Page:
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I apologize for the length of this question, but some background explanation is required.


I'm working on an internal web application that will display a pdf in an iframe. Adobe Reader X offers a "Read Mode" for displaying the pdf in the browser. This removes the shell and adds a menu box to the bottom of the pdf when the mouse is over the "middle center". In versions prior to X you could use JavaScript to modify the toolbar menu items.

What I Need:

I need to display the pdf in "Read Mode" AND remove all menu items. The computers that are to run this app are basically a kiosk and are literally a computer, monitor and mouse. No printers, no keyboard, no other interactivity.

My question is this: How can I load a pdf for reading in internet explorer, and disable all interaction except scrolling. That is, no menus, no context menu, and no "shadow bar" when the bottom center is moused over. I've been searching for alternatives to Adobe, and there are some great ones, but the ones I've found that have a browser plugin, do not have a plugin for IE.

If someone know a way to just load the PDF Contents that would be an even better route.

More Information:

If it helps, while this is being built for Internet Explorer, the web-page will be loaded into a windows form that is just a full-screen browser control.

Other things I've tried:

I have also tried positioning a transparent iFrame on top of the pdf iFrame, covering only the displayed content, but leaving the scrollbars intact. This worked perfect if I loaded anything BUT a pdf. If I loaded any other website then it worked as expected (except the scroll wheel of course doesn't scroll the webpage). If a pdf was loaded, then all that would appear is a white square. Use the dev toolbar to remove the transparent iFrame and the PDF looks good.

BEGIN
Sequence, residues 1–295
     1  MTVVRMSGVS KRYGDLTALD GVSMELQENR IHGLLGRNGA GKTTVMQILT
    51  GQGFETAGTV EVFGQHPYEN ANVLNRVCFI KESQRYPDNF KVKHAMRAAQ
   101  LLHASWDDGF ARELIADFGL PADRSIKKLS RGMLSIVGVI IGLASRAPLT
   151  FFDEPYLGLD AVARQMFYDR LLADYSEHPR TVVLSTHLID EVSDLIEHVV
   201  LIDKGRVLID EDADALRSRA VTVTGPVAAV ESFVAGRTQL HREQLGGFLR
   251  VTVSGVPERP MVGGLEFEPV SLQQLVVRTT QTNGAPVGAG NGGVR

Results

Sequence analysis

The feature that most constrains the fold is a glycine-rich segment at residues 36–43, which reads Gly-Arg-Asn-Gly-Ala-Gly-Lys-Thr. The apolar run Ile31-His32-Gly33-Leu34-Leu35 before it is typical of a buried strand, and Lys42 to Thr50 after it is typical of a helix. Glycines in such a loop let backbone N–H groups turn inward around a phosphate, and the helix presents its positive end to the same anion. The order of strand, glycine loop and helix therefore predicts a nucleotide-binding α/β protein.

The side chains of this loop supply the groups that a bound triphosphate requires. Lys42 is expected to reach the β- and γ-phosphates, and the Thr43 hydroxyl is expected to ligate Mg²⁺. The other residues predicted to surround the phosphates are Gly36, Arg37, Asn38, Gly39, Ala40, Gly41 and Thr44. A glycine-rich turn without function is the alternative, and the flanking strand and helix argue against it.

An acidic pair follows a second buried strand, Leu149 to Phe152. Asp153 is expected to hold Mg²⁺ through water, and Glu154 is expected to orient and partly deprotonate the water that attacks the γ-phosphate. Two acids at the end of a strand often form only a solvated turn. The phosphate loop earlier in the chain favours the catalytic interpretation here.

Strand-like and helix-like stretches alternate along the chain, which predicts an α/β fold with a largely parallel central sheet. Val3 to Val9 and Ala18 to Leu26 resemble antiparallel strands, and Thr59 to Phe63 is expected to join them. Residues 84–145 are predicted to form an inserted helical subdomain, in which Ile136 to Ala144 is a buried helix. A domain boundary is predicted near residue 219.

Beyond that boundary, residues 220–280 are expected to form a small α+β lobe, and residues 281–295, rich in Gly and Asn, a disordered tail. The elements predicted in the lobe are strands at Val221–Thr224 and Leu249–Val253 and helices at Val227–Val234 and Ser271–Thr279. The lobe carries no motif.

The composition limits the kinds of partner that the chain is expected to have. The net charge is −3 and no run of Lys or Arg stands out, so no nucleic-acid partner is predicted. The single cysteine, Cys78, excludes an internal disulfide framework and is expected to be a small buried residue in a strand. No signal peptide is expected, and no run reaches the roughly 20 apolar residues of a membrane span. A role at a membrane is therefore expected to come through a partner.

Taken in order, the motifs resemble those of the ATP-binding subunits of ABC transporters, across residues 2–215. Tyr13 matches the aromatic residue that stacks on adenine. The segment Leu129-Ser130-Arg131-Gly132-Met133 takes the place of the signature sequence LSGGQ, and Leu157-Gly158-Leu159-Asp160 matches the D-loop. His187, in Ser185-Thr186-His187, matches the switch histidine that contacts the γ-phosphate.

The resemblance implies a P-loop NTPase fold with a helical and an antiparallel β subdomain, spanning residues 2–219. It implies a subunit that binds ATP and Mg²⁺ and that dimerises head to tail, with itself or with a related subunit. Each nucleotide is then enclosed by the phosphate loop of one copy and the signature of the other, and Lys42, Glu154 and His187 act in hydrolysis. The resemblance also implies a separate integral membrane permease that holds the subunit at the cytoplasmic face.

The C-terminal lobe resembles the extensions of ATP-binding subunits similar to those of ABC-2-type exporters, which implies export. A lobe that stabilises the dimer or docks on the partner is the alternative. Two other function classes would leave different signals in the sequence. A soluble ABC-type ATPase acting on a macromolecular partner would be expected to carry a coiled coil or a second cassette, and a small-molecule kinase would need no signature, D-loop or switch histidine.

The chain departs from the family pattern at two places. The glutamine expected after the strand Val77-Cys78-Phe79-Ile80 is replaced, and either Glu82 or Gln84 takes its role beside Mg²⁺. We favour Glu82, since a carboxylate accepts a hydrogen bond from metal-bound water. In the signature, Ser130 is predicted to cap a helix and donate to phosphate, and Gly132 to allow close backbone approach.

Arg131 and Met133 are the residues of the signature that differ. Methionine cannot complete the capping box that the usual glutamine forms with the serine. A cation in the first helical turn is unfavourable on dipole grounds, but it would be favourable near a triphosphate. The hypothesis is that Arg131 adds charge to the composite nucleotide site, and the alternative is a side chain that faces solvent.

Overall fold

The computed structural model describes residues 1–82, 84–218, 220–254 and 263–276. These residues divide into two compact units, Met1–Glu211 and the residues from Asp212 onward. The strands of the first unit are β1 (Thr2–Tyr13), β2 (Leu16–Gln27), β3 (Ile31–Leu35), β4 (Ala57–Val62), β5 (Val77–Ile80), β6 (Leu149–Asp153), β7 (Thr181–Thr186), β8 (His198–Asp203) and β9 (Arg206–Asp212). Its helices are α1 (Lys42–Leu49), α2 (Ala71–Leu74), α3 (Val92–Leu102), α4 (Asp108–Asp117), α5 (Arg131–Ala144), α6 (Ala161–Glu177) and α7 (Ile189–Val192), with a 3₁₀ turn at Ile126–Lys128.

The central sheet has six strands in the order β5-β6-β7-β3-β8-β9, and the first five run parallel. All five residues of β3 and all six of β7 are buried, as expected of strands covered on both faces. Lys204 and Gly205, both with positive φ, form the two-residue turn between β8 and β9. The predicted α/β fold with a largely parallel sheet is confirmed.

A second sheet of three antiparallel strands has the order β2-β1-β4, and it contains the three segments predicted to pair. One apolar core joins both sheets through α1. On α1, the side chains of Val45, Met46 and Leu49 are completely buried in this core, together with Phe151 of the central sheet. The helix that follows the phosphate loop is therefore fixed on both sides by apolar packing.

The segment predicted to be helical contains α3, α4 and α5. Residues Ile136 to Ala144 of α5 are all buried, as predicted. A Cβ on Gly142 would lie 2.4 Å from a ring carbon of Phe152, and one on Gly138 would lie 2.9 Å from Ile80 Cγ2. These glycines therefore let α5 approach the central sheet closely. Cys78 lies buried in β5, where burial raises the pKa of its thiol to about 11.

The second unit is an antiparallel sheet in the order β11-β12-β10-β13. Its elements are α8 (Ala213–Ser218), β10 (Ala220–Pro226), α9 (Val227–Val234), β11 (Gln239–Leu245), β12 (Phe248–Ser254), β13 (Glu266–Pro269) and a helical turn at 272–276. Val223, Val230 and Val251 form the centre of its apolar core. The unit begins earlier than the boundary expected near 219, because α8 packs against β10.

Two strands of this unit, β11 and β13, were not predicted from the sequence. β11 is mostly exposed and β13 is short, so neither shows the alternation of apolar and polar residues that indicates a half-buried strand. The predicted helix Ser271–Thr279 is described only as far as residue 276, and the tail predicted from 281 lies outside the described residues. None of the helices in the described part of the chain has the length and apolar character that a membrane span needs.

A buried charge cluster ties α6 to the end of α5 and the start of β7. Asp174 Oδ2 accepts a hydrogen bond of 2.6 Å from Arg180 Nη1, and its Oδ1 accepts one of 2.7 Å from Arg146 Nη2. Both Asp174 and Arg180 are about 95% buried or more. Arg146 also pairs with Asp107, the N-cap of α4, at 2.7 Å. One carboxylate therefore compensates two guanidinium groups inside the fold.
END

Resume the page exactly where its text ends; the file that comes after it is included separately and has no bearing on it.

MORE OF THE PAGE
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I've added the C#, JavaScript, and Html tags because there might be a solution using any or all of these methods. – Johnie Karr Dec 5 '11 at 17:43

I've found a good partial solution. A product called PDFObject.

Using it, I can add the following JavaScript to my page:

function embedPDF() {
        var myPDF = new PDFObject({
            url: 'PathToPdf.pdf',
            pdfOpenParams: { 
                scrollbars: '1',
                toolbar: '0',
                statusbar: '0',
                messages: '0', 
                navpanes: '0' 

    window.onload = embedPDF;

This will embed the pdf into a div and remove the toolbar, statusbar, message, navpanes, but still allow scrollbars. This prevents the shadow box menu from appearing, which is great!

Users can still right-click on the pdf so I'll try the standard Right-Click blockers in JavaScript and edit if I can get something to work.


A good resource for URL Parameters can be found here.

share|improve this answer